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II.
Still when I hear thee, O my fair,

I bid my heart rejoice;
I shake off

every
sullen

care, For forrow flies thy voice.

III, The seasons Philomel obey,

Whene'er they hear her sing; She bids the winter fly away,

And the recalls the spring.

SONG,
THE FAIR INCONSTANT.

H E.
INCE I have long lov'd you in vain,

,

Give me at length but leave to complain

Of so ungrateful a creature.
Though I beheld in your wandering eyes

The wanton symptoms of ranging;
Still I resolv'd against being wise,
And lov'd you in spite of your changing.

SH E.
Why should you blame what heaven has made,

Or find any fault in creation ? 'Tis not the crime of the faithless maid, But nature's inclination,

'Tis not because I love you less,

Or think you not a true one ;
But if the trnth I must confels,
I always lov'd a new-one.

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TO LORD WARWICK ON HIS

BIRTH-DAY.
WHEN,
HEN, fraught with all that grateful minds can

move,
With friendship, tenderness, respect, and love ;
The Muse had wish’d, on this returning day,
Something most worthy of herself to say:
To Jove the offer'd up an humble prayer,.
To take the noble Warwick to his care.
Give him, she said, whate’er diviner grace
Adorns the soul, or beautifies the face :
Let manly constancy confirm his truth,
And gentlest manners crown his blooming youth..
Give him to fame, to virtue to aspire,
Worthy our songs and thy informing fire :
All various praise, all honours, let him prove,
Let men admire, and fighing virgins love :
With honest zeal inflame his generous mind,
To love his country, and protect mankind.
Attentive to her prayer, the gud reply'd,
Why dost thou ask what has not been deny'd ?
Jove's bounteous hand has lavish'd all his power,
And making what he is, can add no more.
F 3

Yet

Yet since I joy in what I did create,
I will prolong the favourite Warwick's fate,
And lengthen out his years to some uncommon date,

WHILE

TO LADY JANE WHARTON, ON HER

STUDYING THE GLOBE.
HILE o'er the globe, fair nymph, your searches

run,
And trace its rolling circuit round the sun,
You seem'd the world beneath you to survey,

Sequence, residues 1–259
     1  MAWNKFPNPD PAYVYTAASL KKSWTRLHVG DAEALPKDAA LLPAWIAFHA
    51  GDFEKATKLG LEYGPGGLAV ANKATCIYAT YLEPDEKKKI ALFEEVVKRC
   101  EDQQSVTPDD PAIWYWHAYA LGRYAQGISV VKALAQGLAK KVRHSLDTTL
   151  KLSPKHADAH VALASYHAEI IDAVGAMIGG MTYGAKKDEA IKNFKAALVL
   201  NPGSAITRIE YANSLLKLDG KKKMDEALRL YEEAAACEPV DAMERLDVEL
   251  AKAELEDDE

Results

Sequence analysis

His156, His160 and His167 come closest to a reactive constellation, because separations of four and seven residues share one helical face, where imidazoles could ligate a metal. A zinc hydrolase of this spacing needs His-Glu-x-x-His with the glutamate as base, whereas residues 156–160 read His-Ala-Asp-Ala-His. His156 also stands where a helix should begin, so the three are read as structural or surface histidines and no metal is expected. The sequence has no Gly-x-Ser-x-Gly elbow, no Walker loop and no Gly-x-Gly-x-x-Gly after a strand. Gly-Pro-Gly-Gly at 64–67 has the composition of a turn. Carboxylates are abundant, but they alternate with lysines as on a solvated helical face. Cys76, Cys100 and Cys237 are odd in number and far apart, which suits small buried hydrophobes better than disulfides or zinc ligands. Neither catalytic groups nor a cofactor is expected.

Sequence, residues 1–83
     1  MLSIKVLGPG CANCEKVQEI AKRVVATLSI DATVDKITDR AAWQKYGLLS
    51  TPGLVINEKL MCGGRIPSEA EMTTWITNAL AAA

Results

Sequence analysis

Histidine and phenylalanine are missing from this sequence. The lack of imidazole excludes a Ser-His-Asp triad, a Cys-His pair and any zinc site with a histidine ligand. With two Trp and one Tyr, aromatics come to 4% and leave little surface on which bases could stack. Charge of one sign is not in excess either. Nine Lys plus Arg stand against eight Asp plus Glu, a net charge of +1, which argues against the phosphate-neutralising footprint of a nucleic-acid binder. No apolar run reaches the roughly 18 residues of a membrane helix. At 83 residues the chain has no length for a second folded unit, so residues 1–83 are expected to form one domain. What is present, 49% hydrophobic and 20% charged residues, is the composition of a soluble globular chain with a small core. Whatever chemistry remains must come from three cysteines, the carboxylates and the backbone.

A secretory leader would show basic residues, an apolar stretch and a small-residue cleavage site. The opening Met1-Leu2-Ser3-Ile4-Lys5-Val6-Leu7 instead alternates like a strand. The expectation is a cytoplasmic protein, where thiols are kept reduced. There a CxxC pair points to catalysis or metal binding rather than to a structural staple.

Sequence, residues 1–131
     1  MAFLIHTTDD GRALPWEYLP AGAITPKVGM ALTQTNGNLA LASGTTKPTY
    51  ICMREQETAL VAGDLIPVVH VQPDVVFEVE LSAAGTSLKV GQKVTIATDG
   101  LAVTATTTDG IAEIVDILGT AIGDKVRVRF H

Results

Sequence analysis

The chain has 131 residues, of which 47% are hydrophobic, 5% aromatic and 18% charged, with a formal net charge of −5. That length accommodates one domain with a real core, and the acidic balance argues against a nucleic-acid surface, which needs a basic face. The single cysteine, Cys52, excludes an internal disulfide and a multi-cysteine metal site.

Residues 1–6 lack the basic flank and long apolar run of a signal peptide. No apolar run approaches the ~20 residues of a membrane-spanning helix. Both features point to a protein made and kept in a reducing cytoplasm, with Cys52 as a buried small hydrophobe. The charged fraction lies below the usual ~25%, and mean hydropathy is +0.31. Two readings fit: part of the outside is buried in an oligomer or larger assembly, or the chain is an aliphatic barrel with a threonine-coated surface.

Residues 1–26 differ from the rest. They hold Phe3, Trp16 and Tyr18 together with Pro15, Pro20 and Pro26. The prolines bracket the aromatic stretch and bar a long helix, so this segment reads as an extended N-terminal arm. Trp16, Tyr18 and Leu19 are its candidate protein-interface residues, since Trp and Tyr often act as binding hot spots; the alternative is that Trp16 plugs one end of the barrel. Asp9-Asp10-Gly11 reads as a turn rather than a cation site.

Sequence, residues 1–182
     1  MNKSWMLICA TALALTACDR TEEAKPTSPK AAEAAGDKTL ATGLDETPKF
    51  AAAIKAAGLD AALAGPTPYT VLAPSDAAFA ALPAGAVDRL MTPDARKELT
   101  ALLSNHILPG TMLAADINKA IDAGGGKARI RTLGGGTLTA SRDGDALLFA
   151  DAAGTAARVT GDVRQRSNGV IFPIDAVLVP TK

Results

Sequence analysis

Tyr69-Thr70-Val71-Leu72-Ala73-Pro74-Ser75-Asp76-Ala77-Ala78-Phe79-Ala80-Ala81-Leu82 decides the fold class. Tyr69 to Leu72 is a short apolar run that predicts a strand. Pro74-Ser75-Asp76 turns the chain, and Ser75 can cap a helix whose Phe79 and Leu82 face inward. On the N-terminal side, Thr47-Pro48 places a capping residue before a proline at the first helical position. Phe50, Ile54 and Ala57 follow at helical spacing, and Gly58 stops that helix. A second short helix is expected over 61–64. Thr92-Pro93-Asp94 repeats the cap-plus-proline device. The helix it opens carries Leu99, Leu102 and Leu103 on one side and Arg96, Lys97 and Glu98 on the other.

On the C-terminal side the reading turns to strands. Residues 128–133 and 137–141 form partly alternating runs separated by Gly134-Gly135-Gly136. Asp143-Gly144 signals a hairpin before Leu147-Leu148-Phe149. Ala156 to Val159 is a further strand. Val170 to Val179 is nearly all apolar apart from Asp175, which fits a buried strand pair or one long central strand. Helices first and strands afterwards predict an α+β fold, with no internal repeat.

With
eyes

ordain’d to give its people day. With two fair lamps methought your nations shone, While ours are poorly lighted up by one. How did those rays your happier empire gild ! How clothe the flowery mead and tful field! Your earth was in eternal spring array'd, And laughing joy amidst its natives play'd.

Such is their day, but chearless is their night, No friendly moon reflects your absent light: And oh! when yet ere many years are past, Those beams on other objects shall be plac'd, When fome young hero, with resistless art, Shall draw those eyes, and warm that virgin heart: How shall your creatures then their loss deplore, And want those suns that rise for them no more? The bliss you give will be confin'd to one, And for his fake your world must be undone.

71]

TRI

TO MRS. PULTENEY, UPON HER GOING

ABROAD.
TIR'D with the frequent mischiefs of her eyes,

To distant climes the fair Belinda flies.
She sees her spreading flames consume around,
And not another conquest to be found.
Secure in foreign realms at will to reign,
She leaves her vassals here with proud disdain.
One only joy which in her heart she wears,
The dear companion of her flight she bears.
Æneas thus a burning town forsook,
Thus into banishment his gods he took :
But, to retrieve his native Troy's disgrace,
Fix'd a new empire in a happier place.

ODE FOR THE NEW YEAR, 1716.

I.
HAIL to thee, glorious rising year,
With what uncommon grace thy days appear

Comely art thou in thy prime,
Lovely child of hoary Time;
Where thy golden footsteps tread,
Pleasures all around thee spread ;

Bliss and beauty grace thy train;
Muse, strike the lyre to some immortal strain.

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But oh! what skill, what master hand,

Shall govern or constrain the wanton band !
Loose like my verse they dance, and all without com-

mand.
Images of fairest things,
Crowd about the speaking strings ;
Peace and sweet prosperity,

Faith and chearful loyalty,
With smiling love and deathless poesy.

II.
Ye scowling fhades who break away,
Well do ye fly and fun the purple day.

Every fiend and fiend-like form,
Black and fullen as a storm,
Jealous fear, and false surmise,
Danger with her dreadful eyes,

Faction, fury, all are fled,
And bold rebellion hides her daring head.

Behold, thou gracious year, behold,

To whom thy treasures all thou shalt unfold,
For whom thy whiter days were kept from times of old!

See thy George, for this is he!
On his right hand waiting free,
Britain and fair Liberty :
Every good is in his face,

Every open honest grace.
Thou great Plantagenet ! immortal be thy race !

III.
See! the sacred scyon springs,
See the glad promise of a line of kings!

Roya)

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